Reconcilation with abusive husband?
I have been
married for 16 years and have a beautiful seven year old daughter. My husband
is an alcoholic and has verbally and emotionally abused me the entire time. I
only recently recognized this as abuse. He drinks every day and when something
is bothering him he picks a fight with me and then goes into a rage - he has thrown
things and broken his hand punching a cupboard, though he has never laid a hand
He does nothing to help around the house, and during his rages he
demeans me, hurls insults about me and my family, and doesn't stop until I have
broken down in tears, at which point he is suddenly over it and doesn't understand
why I am upset. He tells me it is nothing personal and I am taking it the wrong
way. I have realized that I can be strong and am a much better and happier person
when I am not with him. I can make a good life for me and my daughter, and do
not want her to learn that these type of relationships are normal or acceptable.
thought of trying to reconcile just makes me ill. I have been in this relationship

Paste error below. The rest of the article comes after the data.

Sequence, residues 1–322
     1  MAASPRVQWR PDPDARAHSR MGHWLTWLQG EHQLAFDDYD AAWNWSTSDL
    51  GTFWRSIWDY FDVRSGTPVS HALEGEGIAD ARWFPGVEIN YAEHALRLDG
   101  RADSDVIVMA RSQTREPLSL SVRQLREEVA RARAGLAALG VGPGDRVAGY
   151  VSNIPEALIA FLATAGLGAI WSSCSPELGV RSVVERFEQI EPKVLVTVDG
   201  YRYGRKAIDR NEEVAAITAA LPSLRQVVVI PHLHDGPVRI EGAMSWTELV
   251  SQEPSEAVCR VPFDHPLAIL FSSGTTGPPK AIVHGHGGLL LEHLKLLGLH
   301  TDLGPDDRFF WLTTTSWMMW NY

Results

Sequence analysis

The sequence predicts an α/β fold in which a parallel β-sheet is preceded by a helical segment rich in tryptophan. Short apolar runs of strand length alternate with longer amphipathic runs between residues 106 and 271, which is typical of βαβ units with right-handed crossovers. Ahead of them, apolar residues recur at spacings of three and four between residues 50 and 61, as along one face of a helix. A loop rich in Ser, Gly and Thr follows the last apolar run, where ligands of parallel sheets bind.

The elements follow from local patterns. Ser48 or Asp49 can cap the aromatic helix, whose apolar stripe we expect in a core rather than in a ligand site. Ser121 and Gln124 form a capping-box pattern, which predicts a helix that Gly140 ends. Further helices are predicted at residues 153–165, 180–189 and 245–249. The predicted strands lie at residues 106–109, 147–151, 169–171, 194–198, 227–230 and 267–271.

for nearly half of my life, feeling like I have had everything take from me emotionally
and do not have another ounce to give. When I kicked him out, he immediately quit
drinking and is showing a real commitment to changing, but this doesn't make any
difference in how I feel. After all, he had 16 years to change. I have agreed
to counseling because I know we both need to understand why things were this way--
why he treated me like this and why I allowed it, and to get our daughter through
But I have no interest in reconciling and have made this clear to
him. He tells me he can't live withouth me and it's best for our daughter if we
try to reconcile. When I hear this, I feel like it is just another way to try
to control me and I d on't agree that it's best for our daughter.
is this - Am I wrong to close my mind off to any possibility of reconciliation?
Sadly, no - you are not wrong.
While he demonstrates remorse on
a regular basis, it means nothing as he just does it again. Everyone has their
limits, and you have reached yours.
It will be tough, he will not give up easily;
but so long as you never forget your daughter's needs, you will be strong.
not to close your mind to the possibility of friendship with him - once he truly
understands what has done - and is still doing - but I'd certainly not even think
about saying that to him.
He needs to learn what 'no' means, and he needs to
look into himself. He cannot do that so long as he can convince himself he's 'getting
away with it'. Only he can start the process of change; and until he's a way down
that road, just keep him at a distance. A considerable distance.